Competing for Advantage. Chapter 8 Corporate-Level Strategy. PART III CREATING COMPETITIVE ADVANTAGE. The Strategic Management Process. Corporate-Level Strategy. Key Terms Corporate-level strategy
CREATING COMPETITIVE ADVANTAGE
Specifies actions a firm takes to gain a competitive advantage by selecting and managing a portfolio of businesses that compete in different product markets or industries
Primary form of corporate-level strategy
Corporate-level strategy in which the firm generates 95% or more of its sales revenue from its core business area
Corporate-level strategy in which the firm generates between 70% and 95% of its total sales revenue within a single business area
Corporate-level strategy in which the firm generates more than 30% of its sales revenue outside a dominant business and whose businesses are related to each other in some manner
Related diversification strategy characterized by direct links between the firm's business units
Related diversification strategy characterized by only a few links between the firm’s business units
Corporate-level strategy for highly diversified firms in which there are no well-defined relationships between business units
Organizational structure which ties together several operating divisions, each representing a separate business or profit center to which responsibility for daily operations and business-unit strategy is delegated
Management tool which indicates how to compare actual results with expected results and suggests corrective actions to take when the difference between actual and expected results is unacceptable
Subjective criteria intended to verify that the firm is using appropriate strategies for the conditions in the external environment and given the company's competitive advantages
Objective criteria used to measure firm performance against previously established quantitative standards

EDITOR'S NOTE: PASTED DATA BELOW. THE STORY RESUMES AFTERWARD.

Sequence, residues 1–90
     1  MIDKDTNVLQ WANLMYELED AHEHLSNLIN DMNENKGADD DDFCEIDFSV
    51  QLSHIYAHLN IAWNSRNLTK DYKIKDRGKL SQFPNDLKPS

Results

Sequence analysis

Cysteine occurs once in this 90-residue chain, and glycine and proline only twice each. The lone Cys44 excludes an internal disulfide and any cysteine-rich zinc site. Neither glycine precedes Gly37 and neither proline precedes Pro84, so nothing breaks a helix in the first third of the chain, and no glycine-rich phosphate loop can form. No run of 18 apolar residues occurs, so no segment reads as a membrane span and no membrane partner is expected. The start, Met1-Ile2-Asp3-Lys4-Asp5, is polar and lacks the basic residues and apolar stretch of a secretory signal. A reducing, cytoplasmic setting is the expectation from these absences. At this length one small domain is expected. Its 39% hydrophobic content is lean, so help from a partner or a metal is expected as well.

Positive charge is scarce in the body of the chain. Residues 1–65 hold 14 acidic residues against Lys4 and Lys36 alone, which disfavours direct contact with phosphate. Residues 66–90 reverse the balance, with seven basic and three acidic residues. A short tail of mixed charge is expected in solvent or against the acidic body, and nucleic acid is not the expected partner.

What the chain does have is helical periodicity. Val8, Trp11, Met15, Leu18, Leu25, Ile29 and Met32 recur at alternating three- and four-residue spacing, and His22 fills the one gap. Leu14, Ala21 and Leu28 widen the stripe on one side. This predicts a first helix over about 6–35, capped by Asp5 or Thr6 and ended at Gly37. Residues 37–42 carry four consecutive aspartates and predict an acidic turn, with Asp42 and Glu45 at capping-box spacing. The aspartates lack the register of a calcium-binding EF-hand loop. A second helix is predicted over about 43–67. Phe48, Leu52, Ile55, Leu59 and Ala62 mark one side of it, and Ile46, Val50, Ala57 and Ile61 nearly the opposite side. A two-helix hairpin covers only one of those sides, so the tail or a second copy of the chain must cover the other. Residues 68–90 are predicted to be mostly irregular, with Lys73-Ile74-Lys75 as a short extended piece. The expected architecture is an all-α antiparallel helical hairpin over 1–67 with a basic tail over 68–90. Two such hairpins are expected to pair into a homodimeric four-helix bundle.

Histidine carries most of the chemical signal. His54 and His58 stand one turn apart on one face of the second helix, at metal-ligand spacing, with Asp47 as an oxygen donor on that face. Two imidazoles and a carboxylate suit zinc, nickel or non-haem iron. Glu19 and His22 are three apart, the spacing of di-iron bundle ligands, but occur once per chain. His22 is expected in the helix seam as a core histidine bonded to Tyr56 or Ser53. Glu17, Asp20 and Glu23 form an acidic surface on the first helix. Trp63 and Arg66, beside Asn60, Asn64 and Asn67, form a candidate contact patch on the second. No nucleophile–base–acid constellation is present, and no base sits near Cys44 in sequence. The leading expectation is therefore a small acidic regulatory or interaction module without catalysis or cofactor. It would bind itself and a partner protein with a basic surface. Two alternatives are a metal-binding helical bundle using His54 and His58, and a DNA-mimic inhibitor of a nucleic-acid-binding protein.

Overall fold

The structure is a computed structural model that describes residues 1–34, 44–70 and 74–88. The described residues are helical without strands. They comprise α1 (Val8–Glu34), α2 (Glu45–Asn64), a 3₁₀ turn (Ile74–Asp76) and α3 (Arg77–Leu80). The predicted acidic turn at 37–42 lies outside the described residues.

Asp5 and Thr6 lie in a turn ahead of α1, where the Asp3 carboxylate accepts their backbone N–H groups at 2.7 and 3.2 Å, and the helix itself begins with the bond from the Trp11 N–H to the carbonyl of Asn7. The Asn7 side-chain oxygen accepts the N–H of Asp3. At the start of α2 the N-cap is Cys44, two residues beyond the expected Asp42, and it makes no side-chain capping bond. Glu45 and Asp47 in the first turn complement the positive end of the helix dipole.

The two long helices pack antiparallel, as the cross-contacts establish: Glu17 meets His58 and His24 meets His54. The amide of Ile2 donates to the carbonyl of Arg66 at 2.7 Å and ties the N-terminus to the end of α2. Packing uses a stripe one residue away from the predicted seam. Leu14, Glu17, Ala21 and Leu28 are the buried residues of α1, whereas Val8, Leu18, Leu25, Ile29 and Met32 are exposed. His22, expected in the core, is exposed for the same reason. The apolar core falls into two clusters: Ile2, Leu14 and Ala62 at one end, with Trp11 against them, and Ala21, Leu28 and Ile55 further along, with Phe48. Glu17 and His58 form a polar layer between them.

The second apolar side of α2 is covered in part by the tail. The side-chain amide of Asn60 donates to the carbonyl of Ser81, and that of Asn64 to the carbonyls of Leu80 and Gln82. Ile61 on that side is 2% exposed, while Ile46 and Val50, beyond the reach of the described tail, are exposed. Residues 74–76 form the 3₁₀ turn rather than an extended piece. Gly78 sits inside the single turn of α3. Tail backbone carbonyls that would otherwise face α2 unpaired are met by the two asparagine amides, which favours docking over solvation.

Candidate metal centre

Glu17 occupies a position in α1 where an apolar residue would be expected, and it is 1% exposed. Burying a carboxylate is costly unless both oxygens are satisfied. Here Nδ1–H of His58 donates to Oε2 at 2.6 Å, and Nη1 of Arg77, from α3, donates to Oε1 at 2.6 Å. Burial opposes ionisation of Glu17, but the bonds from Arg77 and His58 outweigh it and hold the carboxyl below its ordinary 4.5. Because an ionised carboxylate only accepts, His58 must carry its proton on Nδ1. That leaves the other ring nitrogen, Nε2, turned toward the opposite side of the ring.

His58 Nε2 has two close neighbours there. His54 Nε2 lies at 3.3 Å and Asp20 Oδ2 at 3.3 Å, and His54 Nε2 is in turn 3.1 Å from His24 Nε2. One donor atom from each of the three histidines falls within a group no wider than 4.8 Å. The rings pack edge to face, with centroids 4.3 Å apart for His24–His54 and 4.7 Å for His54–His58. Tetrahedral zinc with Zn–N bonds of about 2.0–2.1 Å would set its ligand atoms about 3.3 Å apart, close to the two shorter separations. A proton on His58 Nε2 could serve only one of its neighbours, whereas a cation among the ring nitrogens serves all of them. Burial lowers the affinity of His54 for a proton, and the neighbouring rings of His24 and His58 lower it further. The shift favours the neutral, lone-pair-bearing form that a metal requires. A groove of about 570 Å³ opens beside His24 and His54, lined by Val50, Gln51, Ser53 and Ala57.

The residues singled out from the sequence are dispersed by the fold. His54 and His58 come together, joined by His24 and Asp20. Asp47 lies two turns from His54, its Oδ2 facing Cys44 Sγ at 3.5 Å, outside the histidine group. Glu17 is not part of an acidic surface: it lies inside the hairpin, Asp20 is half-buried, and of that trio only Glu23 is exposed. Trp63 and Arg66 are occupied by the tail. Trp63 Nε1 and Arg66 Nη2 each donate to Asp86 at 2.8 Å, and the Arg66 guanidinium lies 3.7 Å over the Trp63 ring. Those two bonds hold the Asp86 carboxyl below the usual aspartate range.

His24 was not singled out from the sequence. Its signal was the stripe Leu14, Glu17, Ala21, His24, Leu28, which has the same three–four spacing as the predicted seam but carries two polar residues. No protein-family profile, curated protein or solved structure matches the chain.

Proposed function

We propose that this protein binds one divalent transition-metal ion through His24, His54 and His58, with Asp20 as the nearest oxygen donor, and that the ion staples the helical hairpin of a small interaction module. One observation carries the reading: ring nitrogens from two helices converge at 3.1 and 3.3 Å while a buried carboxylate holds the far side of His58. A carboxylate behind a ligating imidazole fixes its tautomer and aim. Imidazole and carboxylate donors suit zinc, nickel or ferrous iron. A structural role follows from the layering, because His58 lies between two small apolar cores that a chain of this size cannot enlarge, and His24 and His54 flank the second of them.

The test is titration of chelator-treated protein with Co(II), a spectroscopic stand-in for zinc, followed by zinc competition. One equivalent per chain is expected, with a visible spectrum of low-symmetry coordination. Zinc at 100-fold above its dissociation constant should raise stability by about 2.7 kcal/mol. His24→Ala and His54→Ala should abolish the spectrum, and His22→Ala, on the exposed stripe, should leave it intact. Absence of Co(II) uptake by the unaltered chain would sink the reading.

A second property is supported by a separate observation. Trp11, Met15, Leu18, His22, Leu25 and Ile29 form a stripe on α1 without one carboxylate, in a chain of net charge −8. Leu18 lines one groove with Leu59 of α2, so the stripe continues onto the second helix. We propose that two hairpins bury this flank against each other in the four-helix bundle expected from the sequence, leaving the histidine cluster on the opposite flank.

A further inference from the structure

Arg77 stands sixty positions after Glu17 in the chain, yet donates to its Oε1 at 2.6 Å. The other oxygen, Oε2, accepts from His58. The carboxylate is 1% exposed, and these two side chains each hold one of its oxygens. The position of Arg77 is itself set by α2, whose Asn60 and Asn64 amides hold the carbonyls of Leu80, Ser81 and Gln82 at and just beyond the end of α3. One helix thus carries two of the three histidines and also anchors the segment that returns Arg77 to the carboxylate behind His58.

Cost savings that the firm creates by successfully transferring some of its capabilities and competencies that were developed in one of its businesses to another of its businesses
Conditions that exist when the value created by business units working together exceeds the value those same units create working independently
Organizational structure using horizontal integration to bring about interdivisional cooperation
Complex sets of resources and capabilities that link different businesses, primarily through managerial and technological knowledge, experience, and expertise
Form of multidivisional organization structure with three levels used to support the implementation of a diversification strategy
Exists when a firm is able to price and sell its products above the existing competitive level or to reduce costs of value chain activities and support functions below the competitive level, or both
Exists when two or more diversified firms simultaneously compete in the same product or geographic markets
Exists when a company produces its own inputs or owns its own source(s) of output distribution
Exists when a firm sources inputs externally from independent suppliers as well as internally within the boundaries of the firm, or disposes of its outputs through independent outlets in addition to company-owned distribution channels
“Diseconomies” of Scope
Organizational structure in which a dual structure combines both functional specialization and business product or project specialization.
Cost savings realized through improved allocations of financial resources based on investments inside or outside the firm
Organizational structure in which the firm's divisions are completely independent
SBU & Division Performance
Assume that you overheard the following statement: “Those managing an unrelated diversified firm face far more difficult ethical challenges than do those managing a dominant business firm.” Based on your reading of this chapter, do you believe this statement true or false? Why?
Is it ethical for managers to diversify a firm rather than return excess earnings to shareholders? Provide reasoning to support your answer.
Are ethical issues associated with the use of strategic controls? With the use of financial controls? If so, what are they?
Are ethical issues involved in implementing the cooperative and competitive M-forms? If so, what are they? As a top-level manager, how would you deal with them?
What unethical practices might occur when a firm restructures the assets it has acquired through its diversification efforts? Explain.
Do you believe that ethical managers are unaffected by the managerial motives to diversify discussed in this chapter? If so, why? In addition, do you believe that ethical managers should help their peers learn how to avoid making diversification decisions on the basis of the managerial motives to diversify (e.g., increased compensation)? Why or why not?